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Cancer Patients Turn Temporary Wall Into A Healing Canvas At LDS Hospital

Jess Gomez

 (801) 507-7455


Salt Lake City, UT (03/26/2009) – Medicine doesn’t always come from a bottle or an IV bag. Sometimes it can be found in a simple magic marker.

Patients at LDS Hospital have transformed an expansive stretch of sheetrock wall into a canvas for their thoughts and feelings about their battle with cancer. The wall expresses the wide range of emotions a cancer patient might feel — from hope and despair, to anger and acceptance, to gratitude and humor.

“It started with one patient and it’s led to all the patients writing on the wall,” says Barb Adams, assistant nurse manager for the Bone Marrow Transplant Unit at LDS Hospital. “It’s become a bonding place for the patients, and a profound, inspirational thing for their families.”

The canvas is actually a temporary wall that workers put in place as they construct 16 additional rooms in the unit. One patient’s vision has transformed the 140-foot-long wall into a mural for all the patient’s thoughts and feelings.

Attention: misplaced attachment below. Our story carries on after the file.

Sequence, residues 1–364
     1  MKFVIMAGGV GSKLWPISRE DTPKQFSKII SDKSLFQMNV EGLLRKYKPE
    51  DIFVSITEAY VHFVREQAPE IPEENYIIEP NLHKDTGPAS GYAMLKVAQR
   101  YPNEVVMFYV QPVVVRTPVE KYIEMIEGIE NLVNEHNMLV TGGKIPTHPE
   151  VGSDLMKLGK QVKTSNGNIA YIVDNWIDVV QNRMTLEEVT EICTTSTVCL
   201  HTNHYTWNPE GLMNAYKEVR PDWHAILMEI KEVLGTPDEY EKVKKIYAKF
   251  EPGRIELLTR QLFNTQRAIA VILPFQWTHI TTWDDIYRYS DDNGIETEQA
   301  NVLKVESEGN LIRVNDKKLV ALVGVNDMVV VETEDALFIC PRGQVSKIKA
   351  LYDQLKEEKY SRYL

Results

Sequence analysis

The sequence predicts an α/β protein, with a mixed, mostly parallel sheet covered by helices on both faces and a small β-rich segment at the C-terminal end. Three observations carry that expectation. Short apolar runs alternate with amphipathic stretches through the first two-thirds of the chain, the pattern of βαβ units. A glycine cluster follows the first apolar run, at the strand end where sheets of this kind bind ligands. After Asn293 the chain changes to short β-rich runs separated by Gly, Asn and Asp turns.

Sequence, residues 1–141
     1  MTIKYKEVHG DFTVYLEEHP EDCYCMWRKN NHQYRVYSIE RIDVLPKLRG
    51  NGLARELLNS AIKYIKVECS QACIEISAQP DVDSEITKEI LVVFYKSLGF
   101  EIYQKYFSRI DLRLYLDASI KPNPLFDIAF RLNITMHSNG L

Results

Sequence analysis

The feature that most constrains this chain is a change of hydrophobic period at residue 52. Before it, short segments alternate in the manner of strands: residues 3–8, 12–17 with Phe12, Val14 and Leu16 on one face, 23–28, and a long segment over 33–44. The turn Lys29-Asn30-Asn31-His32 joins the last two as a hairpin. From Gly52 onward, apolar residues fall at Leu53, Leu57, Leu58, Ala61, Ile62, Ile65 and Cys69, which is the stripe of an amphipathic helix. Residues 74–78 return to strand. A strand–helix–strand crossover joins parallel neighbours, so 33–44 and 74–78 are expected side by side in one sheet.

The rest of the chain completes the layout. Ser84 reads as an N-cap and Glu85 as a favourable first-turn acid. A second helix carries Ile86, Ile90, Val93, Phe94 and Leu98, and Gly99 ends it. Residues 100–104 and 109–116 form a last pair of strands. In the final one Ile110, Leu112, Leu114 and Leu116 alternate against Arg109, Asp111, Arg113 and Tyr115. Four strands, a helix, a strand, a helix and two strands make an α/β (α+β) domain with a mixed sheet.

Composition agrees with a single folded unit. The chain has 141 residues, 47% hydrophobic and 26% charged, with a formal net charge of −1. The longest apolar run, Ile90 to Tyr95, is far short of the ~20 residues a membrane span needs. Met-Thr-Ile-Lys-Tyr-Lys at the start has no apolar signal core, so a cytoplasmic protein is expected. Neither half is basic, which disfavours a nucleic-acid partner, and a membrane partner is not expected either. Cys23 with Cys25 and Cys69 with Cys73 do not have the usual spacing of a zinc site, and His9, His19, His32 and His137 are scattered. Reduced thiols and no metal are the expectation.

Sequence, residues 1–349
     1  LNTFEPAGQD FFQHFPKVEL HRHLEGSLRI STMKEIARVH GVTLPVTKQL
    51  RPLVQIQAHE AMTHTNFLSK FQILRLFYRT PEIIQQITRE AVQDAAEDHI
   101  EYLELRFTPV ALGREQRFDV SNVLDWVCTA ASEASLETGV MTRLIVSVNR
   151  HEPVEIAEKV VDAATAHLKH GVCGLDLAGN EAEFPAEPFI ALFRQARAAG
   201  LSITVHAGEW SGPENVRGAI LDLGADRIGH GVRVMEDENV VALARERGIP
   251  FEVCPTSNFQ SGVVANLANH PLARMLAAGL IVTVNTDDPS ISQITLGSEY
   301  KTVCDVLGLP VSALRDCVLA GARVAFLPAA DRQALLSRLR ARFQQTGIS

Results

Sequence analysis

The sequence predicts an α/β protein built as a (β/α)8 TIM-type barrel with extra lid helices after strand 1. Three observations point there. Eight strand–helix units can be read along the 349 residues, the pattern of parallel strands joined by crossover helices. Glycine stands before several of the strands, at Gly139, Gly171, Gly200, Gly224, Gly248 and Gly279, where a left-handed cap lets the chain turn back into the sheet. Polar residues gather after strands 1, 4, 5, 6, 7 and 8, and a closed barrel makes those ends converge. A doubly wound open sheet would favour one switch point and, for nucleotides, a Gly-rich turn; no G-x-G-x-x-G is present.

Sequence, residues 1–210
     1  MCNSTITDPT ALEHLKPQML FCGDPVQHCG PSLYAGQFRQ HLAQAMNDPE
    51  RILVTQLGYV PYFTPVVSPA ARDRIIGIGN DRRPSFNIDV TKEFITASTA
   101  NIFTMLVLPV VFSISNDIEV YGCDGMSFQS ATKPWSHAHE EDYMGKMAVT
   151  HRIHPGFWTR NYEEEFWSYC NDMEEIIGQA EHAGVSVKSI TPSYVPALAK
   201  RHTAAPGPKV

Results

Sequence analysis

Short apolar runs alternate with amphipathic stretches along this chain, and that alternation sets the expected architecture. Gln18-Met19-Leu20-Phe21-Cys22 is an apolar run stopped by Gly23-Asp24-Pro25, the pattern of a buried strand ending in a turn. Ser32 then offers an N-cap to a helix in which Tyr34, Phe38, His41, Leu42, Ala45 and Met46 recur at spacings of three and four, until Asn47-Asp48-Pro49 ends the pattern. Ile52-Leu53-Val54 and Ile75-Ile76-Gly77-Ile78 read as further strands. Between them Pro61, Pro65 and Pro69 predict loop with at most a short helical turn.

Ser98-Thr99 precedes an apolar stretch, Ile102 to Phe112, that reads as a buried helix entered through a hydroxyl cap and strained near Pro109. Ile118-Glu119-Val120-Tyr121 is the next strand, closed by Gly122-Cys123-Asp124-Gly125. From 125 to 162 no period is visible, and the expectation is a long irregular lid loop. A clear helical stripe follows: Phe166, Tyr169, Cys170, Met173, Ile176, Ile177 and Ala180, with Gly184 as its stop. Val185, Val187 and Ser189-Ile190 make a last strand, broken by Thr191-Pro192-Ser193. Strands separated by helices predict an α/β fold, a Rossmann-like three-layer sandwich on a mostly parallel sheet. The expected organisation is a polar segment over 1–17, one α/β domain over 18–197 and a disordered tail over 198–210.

“I stayed out here one night for about two and a half hours and drew,” says patient Bruce Daughters, who launched the wall with a modern-art masterpiece that encourages others to “Live Strong.”

Other messages say, "We love you, Dad," "Laugh at every dumb family memory" and "Cancer sucks!"

"Now that I'm bald, I can really see my face and my eyes, and they're beautiful, and I see my heart in them," wrote cancer patient Brandi Chase.

Caregivers in the cancer unit say it’s been a great form of therapy.

“It can be hard to get our patients up and moving. Sometimes they’re cooped up their rooms for two or three months at a time,” says nurse Tony Hall. “This gets them out and they can see what other people are going through. It helps their mood and makes them feel like they’re not alone.”

It’s also been a source of strength for their family members, many of whom have met and made friends at the wall and then exchanged phone numbers so they can stay in touch once treatment is complete.

Staff say they’ve also been touched by their patients’ art.

"Even for us as nurses, we'll have a bad day, and you can come back and look at the wall and it's inspiring to us. It helps us remember the good patients and the good times. It's a healing wall all the way around," nurse Kammi Lemmon said.

Work on the unit remodel will be completed by the end of this year, but the hospital plans to continue the wall tradition even after permanent walls go up.


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